Tancredo explained that, in July of 2015, the US Citizenship and Immigration Service (USCIS, sometimes shortened by Tancredo to USIS) “decided there was part of the Oath of Allegiance that has been taken by millions, and millions, and millions of immigrants into this country. It’s the last thing they have to do before actually getting their citizenship” that should be made optional. It was the part of the oath in which immigrants promised, “If called upon, I will indeed take up arms to defend the United States of America.”
“They have told immigrants now – the next 18 million that are in the pipeline – they do not have to take that part of the oath. It’s still in there, but they’ve said it’s optional; you don’t have to swear,” said Tancredo.
He noted this change was made without permission from Congress, for reasons USIS has yet to disclose. “Where the hell was Congress? Where is Congress?” Tancredo asked. “Where has Congress been, over and over and over again, in these kinds of issues? They just simply did it.”
“You have to ask yourself, of course, why? What would be the reason? What would be in the minds of the USIS that would say, ‘You know, we think it’s probably a good idea to stop asking immigrants to swear that they would take up arms, if necessary, to defend the United States of America?’” he asked.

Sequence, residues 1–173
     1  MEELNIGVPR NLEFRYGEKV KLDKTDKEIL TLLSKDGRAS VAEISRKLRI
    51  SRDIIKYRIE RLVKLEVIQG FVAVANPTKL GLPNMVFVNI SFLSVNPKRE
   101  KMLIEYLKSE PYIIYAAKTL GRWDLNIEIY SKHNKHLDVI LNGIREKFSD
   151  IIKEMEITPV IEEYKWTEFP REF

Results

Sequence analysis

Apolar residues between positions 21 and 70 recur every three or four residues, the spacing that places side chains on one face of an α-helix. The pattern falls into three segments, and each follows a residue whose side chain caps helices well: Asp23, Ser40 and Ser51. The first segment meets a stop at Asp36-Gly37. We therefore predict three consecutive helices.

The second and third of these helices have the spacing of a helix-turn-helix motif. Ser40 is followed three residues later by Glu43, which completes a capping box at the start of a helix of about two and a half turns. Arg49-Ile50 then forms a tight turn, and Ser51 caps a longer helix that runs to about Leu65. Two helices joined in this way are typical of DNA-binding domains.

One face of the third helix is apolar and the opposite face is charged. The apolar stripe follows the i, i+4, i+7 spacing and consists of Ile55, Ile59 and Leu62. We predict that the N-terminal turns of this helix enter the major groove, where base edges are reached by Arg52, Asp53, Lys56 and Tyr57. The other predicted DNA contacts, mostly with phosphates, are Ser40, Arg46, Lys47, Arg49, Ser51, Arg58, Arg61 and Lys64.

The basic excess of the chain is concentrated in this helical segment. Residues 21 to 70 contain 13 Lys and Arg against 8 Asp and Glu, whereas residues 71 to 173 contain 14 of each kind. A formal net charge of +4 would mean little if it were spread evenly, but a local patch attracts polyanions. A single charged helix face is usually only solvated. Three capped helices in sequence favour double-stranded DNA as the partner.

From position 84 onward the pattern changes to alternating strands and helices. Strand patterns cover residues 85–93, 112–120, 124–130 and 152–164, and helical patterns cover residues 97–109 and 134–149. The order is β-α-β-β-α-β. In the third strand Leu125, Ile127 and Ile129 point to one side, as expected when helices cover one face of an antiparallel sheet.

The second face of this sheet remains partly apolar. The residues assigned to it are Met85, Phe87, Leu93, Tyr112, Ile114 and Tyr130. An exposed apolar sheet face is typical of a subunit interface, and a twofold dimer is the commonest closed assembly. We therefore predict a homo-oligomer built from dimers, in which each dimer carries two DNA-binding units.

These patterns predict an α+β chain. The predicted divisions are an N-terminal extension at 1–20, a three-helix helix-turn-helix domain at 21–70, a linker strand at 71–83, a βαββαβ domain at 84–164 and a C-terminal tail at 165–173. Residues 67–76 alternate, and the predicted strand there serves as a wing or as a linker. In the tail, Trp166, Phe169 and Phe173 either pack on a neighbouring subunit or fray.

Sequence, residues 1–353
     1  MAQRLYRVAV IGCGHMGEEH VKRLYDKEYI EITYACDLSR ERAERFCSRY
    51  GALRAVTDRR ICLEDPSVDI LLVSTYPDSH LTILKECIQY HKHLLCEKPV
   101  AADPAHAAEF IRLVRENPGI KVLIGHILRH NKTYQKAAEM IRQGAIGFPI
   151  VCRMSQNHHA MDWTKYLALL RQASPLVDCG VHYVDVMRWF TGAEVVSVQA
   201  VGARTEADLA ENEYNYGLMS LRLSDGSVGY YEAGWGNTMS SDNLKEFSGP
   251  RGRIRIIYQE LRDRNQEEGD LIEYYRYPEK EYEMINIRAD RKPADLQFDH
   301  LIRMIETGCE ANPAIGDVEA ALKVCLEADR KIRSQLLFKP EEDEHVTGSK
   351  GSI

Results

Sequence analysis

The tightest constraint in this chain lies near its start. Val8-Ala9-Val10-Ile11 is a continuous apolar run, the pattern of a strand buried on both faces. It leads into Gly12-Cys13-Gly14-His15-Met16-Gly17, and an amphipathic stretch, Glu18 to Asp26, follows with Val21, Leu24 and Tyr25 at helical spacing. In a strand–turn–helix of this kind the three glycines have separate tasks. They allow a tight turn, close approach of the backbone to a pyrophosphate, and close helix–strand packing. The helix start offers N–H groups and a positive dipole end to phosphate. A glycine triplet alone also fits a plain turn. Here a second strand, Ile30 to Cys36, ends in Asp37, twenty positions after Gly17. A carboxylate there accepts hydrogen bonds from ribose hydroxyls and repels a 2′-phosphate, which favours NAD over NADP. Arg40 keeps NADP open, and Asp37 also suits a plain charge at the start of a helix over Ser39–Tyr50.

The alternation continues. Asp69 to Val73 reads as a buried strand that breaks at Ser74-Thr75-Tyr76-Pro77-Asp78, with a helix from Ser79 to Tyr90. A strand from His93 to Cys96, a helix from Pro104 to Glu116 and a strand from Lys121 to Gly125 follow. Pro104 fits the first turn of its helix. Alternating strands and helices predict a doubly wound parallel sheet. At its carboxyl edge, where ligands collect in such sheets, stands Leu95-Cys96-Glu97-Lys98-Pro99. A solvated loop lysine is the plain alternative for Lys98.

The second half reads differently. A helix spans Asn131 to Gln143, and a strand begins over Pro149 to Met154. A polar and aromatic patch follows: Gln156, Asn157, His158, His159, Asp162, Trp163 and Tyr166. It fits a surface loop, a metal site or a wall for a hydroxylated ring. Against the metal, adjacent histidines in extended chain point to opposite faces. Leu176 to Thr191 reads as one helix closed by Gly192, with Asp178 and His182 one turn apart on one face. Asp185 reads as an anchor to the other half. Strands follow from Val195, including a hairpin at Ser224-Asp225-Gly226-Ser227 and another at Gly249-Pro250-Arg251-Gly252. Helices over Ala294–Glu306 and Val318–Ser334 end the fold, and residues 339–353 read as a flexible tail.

Bannon proposed an answer: “Guys adhering to sharia law are not gonna say that, right? It’s Muslims from sharia-adherent countries. It’s obvious as the nose on your face, is it not?”
“Absolutely. It is the only conclusion to which I have come, and I think the only conclusion to which most people can come,” Tancredo replied, adding:
Because there is no other reason. Nobody demanded it. No Congressman wrote them and said, “You know, this is really an imposition on people to do; please stop it.” No, this is a decision they made themselves because as the Muslim immigration population grows into this country, this may be something that would reduce the numbers, you know, if people actually had to do that.